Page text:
The death toll caused by the hurricane may have been higher if it were not for the first responders and community members
As of Saturday, 46 people have died in the northeastern U.S. as a result of Hurricane Ida floodwaters which swept through the region after the storm initially touched down in Louisiana.
The death toll could have been higher if it were not for first responders and community members. The New York Times reported that many bravely put the health and safety of others before their own, assisting and rescuing many who were left in perilous circumstances during the aftermath of the storm.
A man walks through a flooded Van Buren Street on September 02, 2021 in Newark, New Jersey. Gov. Phil Murphy declared a state of emergency due to Tropical Storm Ida which caused flooding and power outages throughout New Jersey as the Northeast was hit by record rain and tornadoes. Numerous deaths in New York and New Jersey have been blamed on the storm. NY Gov. Kathy Hochul has also declared a state of emergency. (Photo by Michael M. Santiago/Getty Images)
One such rescue story reported by the Times on Friday, details the tribulations of 88-year-old New York City resident Claire Adams, who cannot walk. She was submerged up to her neck in floodwaters inside her Forest Hills, Queens apartment and her neighbor Michael Lettieri helped save her through the window.
Adams’ daughter Essence Crockett, 60, told the Times she was visiting her mother last week when she heard her health aide, Obianuju Okoro, scream out that water was quickly entering the dwelling.
“She started yelling from the next room, ‘Come, come! There’s water coming in!’” Crockett said. “I ran out into the living room and water was just forcing its way through her front apartment door and also her second garden door.”
Crockett and Okoro frantically attempted without avail to barricade the entrances to Adams’ home of 43 years with chairs and other household items before rushing to Adams’ room and using a hydraulic lift mechanism to transfer her to her wheelchair from her hospital bed.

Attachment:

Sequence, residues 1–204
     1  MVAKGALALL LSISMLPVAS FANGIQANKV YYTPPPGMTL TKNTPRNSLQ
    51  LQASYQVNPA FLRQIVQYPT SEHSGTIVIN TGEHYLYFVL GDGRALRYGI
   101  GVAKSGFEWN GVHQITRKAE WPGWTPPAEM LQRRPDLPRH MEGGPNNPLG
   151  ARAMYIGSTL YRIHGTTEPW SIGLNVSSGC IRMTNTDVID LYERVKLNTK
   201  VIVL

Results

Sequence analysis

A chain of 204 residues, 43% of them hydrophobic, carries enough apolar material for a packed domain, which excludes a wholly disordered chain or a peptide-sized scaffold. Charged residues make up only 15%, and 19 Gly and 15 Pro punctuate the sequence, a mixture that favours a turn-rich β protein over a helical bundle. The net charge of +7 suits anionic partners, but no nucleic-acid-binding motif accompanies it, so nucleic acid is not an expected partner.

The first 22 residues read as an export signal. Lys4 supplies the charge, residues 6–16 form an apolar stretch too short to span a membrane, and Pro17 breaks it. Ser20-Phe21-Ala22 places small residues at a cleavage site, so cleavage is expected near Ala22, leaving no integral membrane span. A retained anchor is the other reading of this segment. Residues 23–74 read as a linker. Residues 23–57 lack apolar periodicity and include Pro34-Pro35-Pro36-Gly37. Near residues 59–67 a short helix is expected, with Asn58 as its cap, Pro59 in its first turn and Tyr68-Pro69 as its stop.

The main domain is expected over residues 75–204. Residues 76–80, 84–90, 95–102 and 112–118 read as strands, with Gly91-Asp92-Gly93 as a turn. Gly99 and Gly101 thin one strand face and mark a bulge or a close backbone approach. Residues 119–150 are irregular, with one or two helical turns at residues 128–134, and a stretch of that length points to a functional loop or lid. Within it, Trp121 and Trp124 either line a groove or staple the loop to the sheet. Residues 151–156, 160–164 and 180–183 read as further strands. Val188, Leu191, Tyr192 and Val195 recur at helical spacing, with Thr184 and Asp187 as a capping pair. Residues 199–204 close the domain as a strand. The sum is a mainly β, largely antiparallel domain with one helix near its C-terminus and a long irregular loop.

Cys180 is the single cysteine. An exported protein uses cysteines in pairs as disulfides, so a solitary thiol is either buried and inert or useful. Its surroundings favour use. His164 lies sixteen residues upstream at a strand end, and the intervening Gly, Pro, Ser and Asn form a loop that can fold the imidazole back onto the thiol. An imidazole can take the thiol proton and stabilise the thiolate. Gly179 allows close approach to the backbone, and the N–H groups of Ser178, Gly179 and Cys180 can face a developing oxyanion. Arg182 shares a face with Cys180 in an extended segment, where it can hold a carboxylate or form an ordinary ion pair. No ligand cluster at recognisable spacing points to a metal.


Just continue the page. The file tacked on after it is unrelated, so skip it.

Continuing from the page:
Adams, who has advanced Alzheimers, began to cry out that she was wet and cold as water steadily continued to enter the apartment, rising to Crockett and Okoro’s knees and partially submerging Adams’ wheelchair.
“I thought this is the end,” Crockett said on Friday, tears rolling down her face. “I thought, it doesn’t make sense for us to all perish. I thought my mother’s aide should not sacrifice her life.”
Crockett and Okoro devised a plan to push the air conditioners out of the window and climb to safety where they may be able to get help for Adams as water continued to rise around her wheelchair.
Crockett said she told her mother goodbye for what she thought was the final time before climbing out of the window and down to the street in front of the building.
Unable to connect with emergency services, Crockett ran back into the building and eventually found Lettieri who offered to help the elderly woman still trapped in the rising waters. He told the Times that getting from his unit to the lobby required trekking through waters resembling a “white water river.”
Lettieri then climbed into Adams’ flooded apartment through the open window, shortly followed by Okoro and another unidentified man who collectively helped lift Adams out of the water that had reached her neck. They put Adams back onto her hospital bed where she could safely float until emergency services were alerted.
Two officers who had been flagged down by Crockett and Okoro helped break down the apartment door and transport Adams to the nearby Forest Hills Hospital, where she was reportedly safely recovering on Friday.
“We are here; mother is still here,” Crockett said, expressing gratitude for those who helped rescue her from the apartment, which she said is now “destroyed.”
“This was a miracle,” she added. “I will forever be grateful for our neighbors and my mother’s aide, who was an absolute champion.”
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